A very small girl proudly jumps from the sidewalk onto the pavement. Again and again she lets herself fall from a height that is almost half her own. In a few years’ time, she will be using skipping ropes, slides and swings, and will learn to enjoy that strange, fleeting sensation that lasts less than a second: our hair stands on end, our arms and legs feel light, our stomach rises, out of place. Perhaps, as a teenager in a theme park, she will dare to plunge from a 100-metre tower, satisfying this desire that others satisfy through sport (ski jumping, trampoline jumping, bungee jumping), emulating – albeit on a small scale – Felix Baumgartner, who in 2012 jumped from a balloon 39 km high. But the time record is held by the crew of the International Space Station (ISS): Samantha Cristoforetti, commander of the Minerva mission, has spent a total of 370 days, 5 hours and 45 minutes in space.
I drop something from a certain height, for example a stone. Suppose there is no friction with the air. The Earth’s gravity accelerates it: it falls with increasing speed (g is about 10 m/s2) and hits the ground just below where I dropped it. If I throw it forward with my hand, as it falls and accelerates, it will also move horizontally at a constant speed. Like any thrown object or projectile, it follows a parabolic line and hits the ground at a certain distance. If I use a slingshot, like in the famous video game Angry Birds, it will hit even further. The fall time is always the same, but the horizontal speed is higher and it travels a longer distance in that time. If we increase the speed more and more, we move the point of impact further and further away until… the stone falls, but it never hits the ground because the Earth is spherical and its surface is curved: and so the stone orbits. Galileo Galilei had already challenged the Aristotelian division between a perfect and unchanging supralunar world of heavenly bodies and a sublunar, terrestrial and corruptible one – which he liked much better. Newton went further: we can think of a stone, or we can think of the Moon, which also falls or orbits the Earth. Once this conceptual barrier has been overcome, we can think of the Earth in free fall around the Sun, the Sun around the centre of our galaxy, and so on.
Now imagine that the projectile is a box and you are inside it, standing on the floor. We drop it, like a lift whose cable is cut (do not worry, this is just a thought experiment) or we throw it like a projectile. What do you see and feel? Your hair stands on end, your limbs become lighter, your stomach rises and you seem to float, you do not feel any weight because the box is accelerating downwards just like you, at about 10 m/s2. The reason is that our perception of weight actually comes from the forces that support us: the tension of your arms on your joints, the tension of the seat on your buttocks or the contact of the ground on your feet. This is the force that a scale measures when it reads 60 kg in your bathroom – and zero in the box in free fall, in the «absence of weight». This box exists in Bordeaux and it is called the Airbus A300 Zero-G. After taking off and rising to a height of about 8 km over the Bay of Biscay, it performs twenty-second drops followed by climbs, in several repeated series. It makes it possible to carry out «microgravity» experiments which, due to their size or duration, are not suitable for free-fall towers such as the Fallturm in Bremen (Germany). It also allows the crew of future space missions to train in the sensation they will experience continuously in orbit inside the ISS, another box at an altitude of 400 km, where the acceleration of gravity is only slightly less than at sea level, about 8.7 m/s2.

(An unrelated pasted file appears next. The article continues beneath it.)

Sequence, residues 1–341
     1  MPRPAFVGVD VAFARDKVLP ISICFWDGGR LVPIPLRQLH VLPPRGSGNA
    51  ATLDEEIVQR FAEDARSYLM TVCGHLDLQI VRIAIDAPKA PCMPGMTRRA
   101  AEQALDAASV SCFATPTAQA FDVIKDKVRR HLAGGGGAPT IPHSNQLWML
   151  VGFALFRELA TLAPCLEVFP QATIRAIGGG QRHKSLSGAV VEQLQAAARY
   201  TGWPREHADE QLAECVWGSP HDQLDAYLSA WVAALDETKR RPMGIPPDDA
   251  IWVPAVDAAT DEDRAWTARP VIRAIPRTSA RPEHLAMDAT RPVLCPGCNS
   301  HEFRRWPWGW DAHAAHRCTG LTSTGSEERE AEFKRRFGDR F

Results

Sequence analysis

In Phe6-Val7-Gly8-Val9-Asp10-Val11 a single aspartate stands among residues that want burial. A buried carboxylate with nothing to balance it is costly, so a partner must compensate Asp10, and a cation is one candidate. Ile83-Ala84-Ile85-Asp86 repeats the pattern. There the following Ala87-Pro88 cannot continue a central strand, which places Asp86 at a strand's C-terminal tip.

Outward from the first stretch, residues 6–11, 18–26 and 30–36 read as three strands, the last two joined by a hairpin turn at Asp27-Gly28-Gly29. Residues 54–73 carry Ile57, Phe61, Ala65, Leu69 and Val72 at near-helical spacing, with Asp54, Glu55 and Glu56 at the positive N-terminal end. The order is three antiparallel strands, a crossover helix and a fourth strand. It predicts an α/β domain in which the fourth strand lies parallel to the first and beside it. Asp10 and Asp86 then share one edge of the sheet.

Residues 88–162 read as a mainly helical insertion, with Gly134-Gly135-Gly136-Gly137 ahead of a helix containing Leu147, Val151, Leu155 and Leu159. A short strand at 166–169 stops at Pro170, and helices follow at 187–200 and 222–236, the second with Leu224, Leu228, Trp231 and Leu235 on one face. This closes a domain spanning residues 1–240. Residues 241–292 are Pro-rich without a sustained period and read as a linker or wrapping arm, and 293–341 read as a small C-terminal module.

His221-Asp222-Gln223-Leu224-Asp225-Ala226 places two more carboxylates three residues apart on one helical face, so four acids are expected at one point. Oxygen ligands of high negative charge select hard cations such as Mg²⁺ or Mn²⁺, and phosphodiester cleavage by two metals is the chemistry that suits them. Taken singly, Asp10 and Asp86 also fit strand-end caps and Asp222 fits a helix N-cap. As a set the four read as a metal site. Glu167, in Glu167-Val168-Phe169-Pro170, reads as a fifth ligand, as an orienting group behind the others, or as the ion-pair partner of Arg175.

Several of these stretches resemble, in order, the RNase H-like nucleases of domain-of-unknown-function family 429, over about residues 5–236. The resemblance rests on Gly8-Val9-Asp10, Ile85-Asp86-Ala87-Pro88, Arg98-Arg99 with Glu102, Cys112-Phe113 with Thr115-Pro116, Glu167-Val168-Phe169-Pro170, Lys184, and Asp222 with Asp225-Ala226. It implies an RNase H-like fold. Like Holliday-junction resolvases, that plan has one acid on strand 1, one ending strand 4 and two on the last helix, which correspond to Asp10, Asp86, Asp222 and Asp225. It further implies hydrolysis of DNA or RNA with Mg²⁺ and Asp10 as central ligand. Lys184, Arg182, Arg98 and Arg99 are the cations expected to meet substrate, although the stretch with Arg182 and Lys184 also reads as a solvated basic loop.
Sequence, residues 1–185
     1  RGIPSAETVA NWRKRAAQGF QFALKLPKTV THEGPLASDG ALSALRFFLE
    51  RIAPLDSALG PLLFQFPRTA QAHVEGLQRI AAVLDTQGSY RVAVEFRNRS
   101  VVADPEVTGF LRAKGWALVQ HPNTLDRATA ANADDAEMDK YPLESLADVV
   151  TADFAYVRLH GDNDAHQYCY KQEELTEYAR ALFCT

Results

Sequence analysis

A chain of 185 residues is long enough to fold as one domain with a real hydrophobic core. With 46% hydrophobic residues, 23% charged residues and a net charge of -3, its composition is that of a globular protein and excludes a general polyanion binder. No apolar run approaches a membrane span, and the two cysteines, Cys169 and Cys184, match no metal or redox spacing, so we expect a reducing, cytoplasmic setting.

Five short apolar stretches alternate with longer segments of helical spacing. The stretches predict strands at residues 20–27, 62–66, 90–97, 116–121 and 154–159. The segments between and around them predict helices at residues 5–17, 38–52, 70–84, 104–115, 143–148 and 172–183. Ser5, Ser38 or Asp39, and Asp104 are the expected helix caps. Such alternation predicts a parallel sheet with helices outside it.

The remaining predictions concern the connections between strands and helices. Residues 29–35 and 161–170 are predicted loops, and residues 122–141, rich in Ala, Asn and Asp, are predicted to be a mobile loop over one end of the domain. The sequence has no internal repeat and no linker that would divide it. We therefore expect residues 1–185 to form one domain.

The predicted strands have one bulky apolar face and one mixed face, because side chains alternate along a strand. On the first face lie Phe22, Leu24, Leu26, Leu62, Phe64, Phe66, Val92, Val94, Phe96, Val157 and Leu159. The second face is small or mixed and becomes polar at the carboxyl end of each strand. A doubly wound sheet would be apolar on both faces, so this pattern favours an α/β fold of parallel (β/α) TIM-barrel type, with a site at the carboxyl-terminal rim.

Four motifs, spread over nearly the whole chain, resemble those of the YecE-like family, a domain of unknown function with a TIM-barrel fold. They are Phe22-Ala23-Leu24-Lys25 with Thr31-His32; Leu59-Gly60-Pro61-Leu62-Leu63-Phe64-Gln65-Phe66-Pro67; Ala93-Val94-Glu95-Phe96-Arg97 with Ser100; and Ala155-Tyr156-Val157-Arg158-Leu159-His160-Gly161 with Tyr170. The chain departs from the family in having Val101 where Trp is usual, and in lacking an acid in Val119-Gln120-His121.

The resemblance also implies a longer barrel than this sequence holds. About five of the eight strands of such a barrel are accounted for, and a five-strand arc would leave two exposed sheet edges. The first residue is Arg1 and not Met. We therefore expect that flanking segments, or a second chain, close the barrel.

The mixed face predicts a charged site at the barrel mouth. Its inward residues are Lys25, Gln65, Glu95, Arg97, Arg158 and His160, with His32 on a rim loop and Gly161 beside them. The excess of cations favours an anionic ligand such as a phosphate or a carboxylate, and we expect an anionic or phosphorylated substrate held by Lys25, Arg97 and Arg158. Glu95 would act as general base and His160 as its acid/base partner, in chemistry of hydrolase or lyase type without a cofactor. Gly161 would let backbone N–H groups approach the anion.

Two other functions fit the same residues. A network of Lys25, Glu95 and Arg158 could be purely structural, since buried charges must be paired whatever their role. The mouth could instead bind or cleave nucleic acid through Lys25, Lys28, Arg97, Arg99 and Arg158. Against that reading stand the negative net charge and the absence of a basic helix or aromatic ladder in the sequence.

Weightlessness: lightness as opposed to heaviness. In free fall, when gravity is the only force at work (almost all dictionaries define it incorrectly). The semantic drift in science is curious. And these are also subtle worlds, like soap bubbles.
With a mobile camera or a GoPro, you can record a video with a frame rate N > 25 fps. When you play it back, you will see the movement slowed down in the same proportion (what takes 1 second will slow down when you play it back at 125/25 = 6 seconds, for example, if N = 125 fps):
- Record the fall of an object (a marble or a stone) by placing a tape measure next to it to measure the distance it travels. For example, after 0.1 s (0.6 in the video) the stone travels 5 cm and after 0.3 s (1.8 in the video) it travels about 45 cm. The stone accelerates (its speed increases as it falls). Using the latter value, we obtain, for example, the acceleration due to gravity a = 2d/t2 = 2-0.45/0.32 = 10 m/s2.
- Put an object in a transparent plastic box. Drop the can from a certain height and record the fall on video. When you play back the video, what happens to the object if you throw it upwards or horizontally?